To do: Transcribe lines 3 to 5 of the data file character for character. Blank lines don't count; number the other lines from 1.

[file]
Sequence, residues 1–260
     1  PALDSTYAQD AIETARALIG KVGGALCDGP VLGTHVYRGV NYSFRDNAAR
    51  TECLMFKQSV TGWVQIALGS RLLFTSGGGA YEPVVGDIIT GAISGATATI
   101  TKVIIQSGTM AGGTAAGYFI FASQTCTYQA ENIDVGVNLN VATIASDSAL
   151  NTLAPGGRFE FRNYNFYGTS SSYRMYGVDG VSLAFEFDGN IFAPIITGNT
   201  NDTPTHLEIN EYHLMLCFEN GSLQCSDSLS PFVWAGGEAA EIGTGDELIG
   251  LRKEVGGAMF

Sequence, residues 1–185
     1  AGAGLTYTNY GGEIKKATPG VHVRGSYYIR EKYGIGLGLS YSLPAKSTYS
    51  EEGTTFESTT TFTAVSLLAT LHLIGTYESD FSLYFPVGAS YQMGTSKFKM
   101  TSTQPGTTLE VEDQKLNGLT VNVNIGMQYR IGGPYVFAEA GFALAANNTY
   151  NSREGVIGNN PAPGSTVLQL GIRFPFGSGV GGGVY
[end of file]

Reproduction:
    51  TECLMFKQSV TGWVQIALGS RLLFTSGGGA YEPVVGDIIT GAISGATATI
   101  TKVIIQSGTM AGGTAAGYFI FASQTCTYQA ENIDVGVNLN VATIASDSAL
   151  NTLAPGGRFE FRNYNFYGTS SSYRMYGVDG VSLAFEFDGN IFAPIITGNT